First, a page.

Not every tripod is created equal, and finding the best video tripod for your purposes can be difficult. Most tripods are meant only for still photography which means they both 1) aren’t meant to support much weight because still cameras are lighter than video cameras, and 2) still camera tripods don’t have fluid heads for smooth panning motion that you’ll want in a video tripod. Weight can also be a major concern if you’re looking to buy a tripod. You’ll want a tripod that can support a video camera, but you’ll also probably want to keep weight in mind because the best video tripods can easily get quite heavy.
And finally, of course, cost is also a concern: the cheapest tripods are less than $100, but you get what you pay for. You can have a great camera but if your tripod is a piece of trash, your footage won’t turn out well: you’ll have jerky turn movement, unwanted jitters and unusable footage. On the other hand, expensive professional filmmaking tripods can easily cost thousands of dollars, which may be out of your budget.
A general filmmaking rule for picking out a tripod is: you should never buy a tripod that costs a lot less than 1/3rd of the cost of the camera you are going to put on it. So if you’ve got a C300 camera, you’ll want a video tripod that costs at least about $1,000 to support it. We’ve done a roundup of some of the best video tripod and tripod systems available.
Best Video Tripod and Tripod Systems for Filmmakers
Manfrotto is one of the most respected names in video tripods. It’s an Italian company founded by Lino Manfrotto, a photojournalist who tinkered with gear as a hobby. Today it makes some of the best video tripods available. This model comes with a great fluid head for super smooth panning and tilting, and a lightweight set of legs. It also balances with a ball mechanism which allows you to level it quickly and re-adjust it quickly too. Comes with a convenient carry soft case.
Maximum height: 61 inches. Weight: 8.38 pounds.
This tripod uses the same excellent tripod head as the previous model but it adds on a beefier set of legs meant to support larger cameras. It also has a ground spreader instead of a mid-level spreader, meaning that setting it up can be faster. For ENG purposes– if you’re a news video shooter for a TV station for instance, or a documentary filmmaker that shoots in run and gun situations, you might find this feature useful. Note that the ground spreader is detachable if desired (for instance if you’re shooting on uneven ground or in a cramped space where the legs need to be at different heights). There is also a version of this tripod with a mid height spreader. Comes with a soft tripod case. (Hard tripod cases are also available.)
Maximum height: 66 inches. Weight: 12 pounds.
Sachtler, coming out of Germany, is Manfrotto’s major competitor in the video tripod market (at least, outside of Hollywood, where specialty cinema tripods can cost $10,000-$20,000 and can support hundreds of pounds). This Sachtler (pronounced “sack-ler”) tripod is aimed at the high end of the video market and features their patented speed lock system that can take a while to master but once you do, it’s hard to beat in terms of quick set up time. Plenty of pro DPs swear by Sachtler tripods, and this is one of the most popular video tripods that Sachtler makes. Comes with a padded tripod bag, ground spreader available separately.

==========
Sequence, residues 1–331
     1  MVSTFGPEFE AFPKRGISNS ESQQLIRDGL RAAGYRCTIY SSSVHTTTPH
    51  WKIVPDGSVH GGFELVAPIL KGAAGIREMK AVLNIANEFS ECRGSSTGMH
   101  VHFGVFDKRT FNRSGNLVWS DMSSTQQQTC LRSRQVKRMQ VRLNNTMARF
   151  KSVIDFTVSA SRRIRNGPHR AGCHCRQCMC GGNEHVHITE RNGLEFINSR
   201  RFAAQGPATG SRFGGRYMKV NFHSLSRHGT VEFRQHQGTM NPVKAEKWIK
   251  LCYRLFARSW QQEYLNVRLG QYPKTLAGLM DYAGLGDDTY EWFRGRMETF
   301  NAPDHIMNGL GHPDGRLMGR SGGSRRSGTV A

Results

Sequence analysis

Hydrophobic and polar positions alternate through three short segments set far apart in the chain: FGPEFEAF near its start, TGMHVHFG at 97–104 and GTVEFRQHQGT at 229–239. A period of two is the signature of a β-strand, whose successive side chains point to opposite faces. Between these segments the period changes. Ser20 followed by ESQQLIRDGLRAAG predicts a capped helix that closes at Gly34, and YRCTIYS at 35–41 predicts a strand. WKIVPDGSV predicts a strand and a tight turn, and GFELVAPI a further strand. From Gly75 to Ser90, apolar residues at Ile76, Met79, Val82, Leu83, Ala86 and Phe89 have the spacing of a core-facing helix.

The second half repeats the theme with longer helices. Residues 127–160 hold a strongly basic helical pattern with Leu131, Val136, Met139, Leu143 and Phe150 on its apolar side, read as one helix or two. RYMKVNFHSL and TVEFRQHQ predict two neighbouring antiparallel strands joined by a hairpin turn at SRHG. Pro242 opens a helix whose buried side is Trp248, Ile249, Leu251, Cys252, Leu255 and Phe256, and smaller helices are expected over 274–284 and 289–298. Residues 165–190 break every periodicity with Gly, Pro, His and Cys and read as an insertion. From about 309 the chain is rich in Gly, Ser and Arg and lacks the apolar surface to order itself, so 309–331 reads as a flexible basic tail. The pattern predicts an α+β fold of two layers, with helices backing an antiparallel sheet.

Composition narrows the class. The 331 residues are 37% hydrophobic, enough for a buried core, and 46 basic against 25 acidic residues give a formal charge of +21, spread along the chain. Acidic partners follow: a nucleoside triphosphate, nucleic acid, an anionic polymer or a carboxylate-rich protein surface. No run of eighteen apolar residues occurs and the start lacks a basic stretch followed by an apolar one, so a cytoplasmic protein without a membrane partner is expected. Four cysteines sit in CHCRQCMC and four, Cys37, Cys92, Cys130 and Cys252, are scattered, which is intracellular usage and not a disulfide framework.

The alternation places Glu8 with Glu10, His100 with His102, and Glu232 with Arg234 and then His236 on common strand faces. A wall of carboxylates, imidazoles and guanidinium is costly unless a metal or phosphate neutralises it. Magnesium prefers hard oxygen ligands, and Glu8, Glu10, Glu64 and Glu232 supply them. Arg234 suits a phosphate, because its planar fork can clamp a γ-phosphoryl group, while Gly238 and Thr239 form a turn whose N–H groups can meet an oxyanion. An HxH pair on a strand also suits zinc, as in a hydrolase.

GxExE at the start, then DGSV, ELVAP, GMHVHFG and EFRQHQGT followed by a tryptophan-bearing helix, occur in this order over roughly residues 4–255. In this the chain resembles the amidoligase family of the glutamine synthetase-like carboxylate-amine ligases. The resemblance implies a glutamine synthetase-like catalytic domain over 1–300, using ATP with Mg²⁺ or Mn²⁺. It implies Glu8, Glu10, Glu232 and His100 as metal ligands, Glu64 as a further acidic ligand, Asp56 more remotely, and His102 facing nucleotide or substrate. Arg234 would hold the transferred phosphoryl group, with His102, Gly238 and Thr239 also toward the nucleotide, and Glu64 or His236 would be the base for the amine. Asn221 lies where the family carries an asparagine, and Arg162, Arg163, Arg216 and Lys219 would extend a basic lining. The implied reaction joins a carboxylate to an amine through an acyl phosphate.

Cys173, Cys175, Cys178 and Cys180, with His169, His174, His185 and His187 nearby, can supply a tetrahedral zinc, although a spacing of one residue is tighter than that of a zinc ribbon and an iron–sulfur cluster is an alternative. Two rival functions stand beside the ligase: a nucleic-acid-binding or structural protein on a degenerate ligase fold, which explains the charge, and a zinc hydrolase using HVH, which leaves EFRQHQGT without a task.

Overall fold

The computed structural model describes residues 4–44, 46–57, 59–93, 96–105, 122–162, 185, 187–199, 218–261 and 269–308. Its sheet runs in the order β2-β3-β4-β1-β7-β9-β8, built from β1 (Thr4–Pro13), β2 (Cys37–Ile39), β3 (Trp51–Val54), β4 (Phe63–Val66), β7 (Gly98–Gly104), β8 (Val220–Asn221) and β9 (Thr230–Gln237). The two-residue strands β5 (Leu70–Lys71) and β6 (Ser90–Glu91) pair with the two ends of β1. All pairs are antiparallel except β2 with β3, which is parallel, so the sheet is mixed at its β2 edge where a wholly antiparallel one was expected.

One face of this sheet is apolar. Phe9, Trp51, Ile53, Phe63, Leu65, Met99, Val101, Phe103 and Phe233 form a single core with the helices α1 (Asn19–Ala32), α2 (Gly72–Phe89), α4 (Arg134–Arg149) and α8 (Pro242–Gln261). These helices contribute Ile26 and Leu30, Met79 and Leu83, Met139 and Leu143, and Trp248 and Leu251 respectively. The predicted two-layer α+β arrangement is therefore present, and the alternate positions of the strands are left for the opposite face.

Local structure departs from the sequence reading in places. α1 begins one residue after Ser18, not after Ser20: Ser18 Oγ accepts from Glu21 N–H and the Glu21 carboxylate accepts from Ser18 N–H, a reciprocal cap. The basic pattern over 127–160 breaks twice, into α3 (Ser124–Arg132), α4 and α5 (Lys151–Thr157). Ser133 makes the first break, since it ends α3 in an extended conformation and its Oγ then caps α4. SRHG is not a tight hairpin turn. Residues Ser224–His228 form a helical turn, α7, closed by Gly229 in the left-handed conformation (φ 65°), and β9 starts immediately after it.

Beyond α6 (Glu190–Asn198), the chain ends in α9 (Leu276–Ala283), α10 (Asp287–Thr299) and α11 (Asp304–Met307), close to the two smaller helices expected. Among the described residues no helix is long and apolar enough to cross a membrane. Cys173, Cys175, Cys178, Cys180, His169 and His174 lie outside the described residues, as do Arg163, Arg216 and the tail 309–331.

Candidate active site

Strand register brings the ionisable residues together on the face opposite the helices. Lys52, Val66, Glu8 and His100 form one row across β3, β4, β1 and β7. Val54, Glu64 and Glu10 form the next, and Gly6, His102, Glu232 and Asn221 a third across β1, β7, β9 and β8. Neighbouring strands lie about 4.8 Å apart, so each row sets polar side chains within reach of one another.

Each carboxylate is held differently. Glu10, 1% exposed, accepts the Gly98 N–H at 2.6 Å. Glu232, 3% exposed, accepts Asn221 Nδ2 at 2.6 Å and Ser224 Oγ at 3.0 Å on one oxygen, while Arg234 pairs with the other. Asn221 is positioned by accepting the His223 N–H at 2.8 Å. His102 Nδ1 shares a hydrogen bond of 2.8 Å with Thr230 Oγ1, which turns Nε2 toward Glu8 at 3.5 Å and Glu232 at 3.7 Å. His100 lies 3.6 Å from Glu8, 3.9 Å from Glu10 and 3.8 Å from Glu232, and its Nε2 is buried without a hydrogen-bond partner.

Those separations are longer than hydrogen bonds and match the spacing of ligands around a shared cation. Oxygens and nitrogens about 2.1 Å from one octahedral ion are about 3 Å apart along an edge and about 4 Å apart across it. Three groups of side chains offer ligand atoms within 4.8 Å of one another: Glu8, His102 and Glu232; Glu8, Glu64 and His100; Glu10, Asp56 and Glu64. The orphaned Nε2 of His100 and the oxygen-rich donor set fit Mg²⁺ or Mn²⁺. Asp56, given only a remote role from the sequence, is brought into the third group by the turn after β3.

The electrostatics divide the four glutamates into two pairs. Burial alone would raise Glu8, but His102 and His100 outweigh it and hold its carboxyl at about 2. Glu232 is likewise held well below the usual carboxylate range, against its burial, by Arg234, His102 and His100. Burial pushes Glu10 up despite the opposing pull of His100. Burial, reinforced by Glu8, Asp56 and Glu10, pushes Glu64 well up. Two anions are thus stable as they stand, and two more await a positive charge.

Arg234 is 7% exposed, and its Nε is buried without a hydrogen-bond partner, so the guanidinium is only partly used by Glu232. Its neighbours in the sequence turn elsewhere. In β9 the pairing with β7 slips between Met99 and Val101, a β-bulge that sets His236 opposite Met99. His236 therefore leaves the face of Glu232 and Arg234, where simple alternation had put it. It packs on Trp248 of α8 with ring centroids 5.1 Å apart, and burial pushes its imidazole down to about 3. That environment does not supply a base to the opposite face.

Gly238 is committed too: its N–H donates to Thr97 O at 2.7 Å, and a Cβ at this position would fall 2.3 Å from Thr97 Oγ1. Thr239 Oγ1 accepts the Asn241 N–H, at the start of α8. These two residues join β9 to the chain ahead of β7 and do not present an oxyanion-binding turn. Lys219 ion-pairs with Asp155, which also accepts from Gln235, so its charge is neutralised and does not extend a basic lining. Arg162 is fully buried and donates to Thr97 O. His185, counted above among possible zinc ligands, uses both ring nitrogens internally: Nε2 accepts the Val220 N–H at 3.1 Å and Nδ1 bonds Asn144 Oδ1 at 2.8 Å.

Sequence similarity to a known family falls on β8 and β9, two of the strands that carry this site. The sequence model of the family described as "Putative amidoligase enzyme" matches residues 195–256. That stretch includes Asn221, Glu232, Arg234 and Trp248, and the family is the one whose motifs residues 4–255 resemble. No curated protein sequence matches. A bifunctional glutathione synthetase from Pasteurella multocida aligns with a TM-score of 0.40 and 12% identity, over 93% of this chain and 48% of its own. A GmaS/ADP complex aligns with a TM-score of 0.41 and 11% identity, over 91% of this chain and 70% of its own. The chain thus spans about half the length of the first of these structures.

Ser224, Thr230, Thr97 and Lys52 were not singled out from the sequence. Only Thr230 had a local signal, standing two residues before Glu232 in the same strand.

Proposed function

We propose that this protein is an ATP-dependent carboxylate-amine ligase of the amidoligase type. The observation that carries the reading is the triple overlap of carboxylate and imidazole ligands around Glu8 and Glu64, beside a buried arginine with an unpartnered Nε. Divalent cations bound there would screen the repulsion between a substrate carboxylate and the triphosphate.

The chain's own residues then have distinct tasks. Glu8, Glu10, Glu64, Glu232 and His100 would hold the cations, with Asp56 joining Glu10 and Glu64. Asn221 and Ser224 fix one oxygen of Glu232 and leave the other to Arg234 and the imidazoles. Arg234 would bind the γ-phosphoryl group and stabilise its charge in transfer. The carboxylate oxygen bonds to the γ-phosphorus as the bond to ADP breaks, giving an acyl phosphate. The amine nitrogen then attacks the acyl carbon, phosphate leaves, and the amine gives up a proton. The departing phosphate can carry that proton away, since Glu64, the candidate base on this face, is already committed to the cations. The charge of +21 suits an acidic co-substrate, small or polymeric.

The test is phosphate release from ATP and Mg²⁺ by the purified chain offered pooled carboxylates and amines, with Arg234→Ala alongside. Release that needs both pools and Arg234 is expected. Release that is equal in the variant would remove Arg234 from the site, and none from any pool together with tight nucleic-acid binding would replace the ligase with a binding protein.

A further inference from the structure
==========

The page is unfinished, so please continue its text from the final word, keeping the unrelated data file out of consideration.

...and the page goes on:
Maximum height: 64 inches. Weight: 11 pounds.
The Sachtler 1001 is a relatively new video tripod from Sachtler and is meant for lighter-weight cameras (with a maximum recommended payload weight of about 9 pounds). The Sachtler 1001 provides adjustable drag like the other tripods on this page, and a mid-level spreader, meaning it can easily be used on non-level surfaces where the legs need to be at different heights for the camera to be level. Note that there’s also a version with a detachable ground spreader if you prefer that style of tripod.
Maximum height: 66 inches. Weight: 12 pounds.
If you’re looking for a budget tripod for a smaller video camera, this Magnus tripod might fit the bill. It only supports up to an 8.8 lb camera, but if your camera is less than that (as most DSLR type cameras are), this might work for you. Note that this is a two stage tripod, meaning that it won’t get quite as tall or short as the earlier Manfrotto tripods in this article. Like other pro video tripods, this tripod comes with a detachable camera mounting plate so you can easily remove it from the tripod, screw it onto the bottom of your camera, so you can mount and unmount the entire unit quickly and easily.
Maximum height: 59 inches. Weight: 7.9 pounds.
Make sure to get a carrying case for tripods.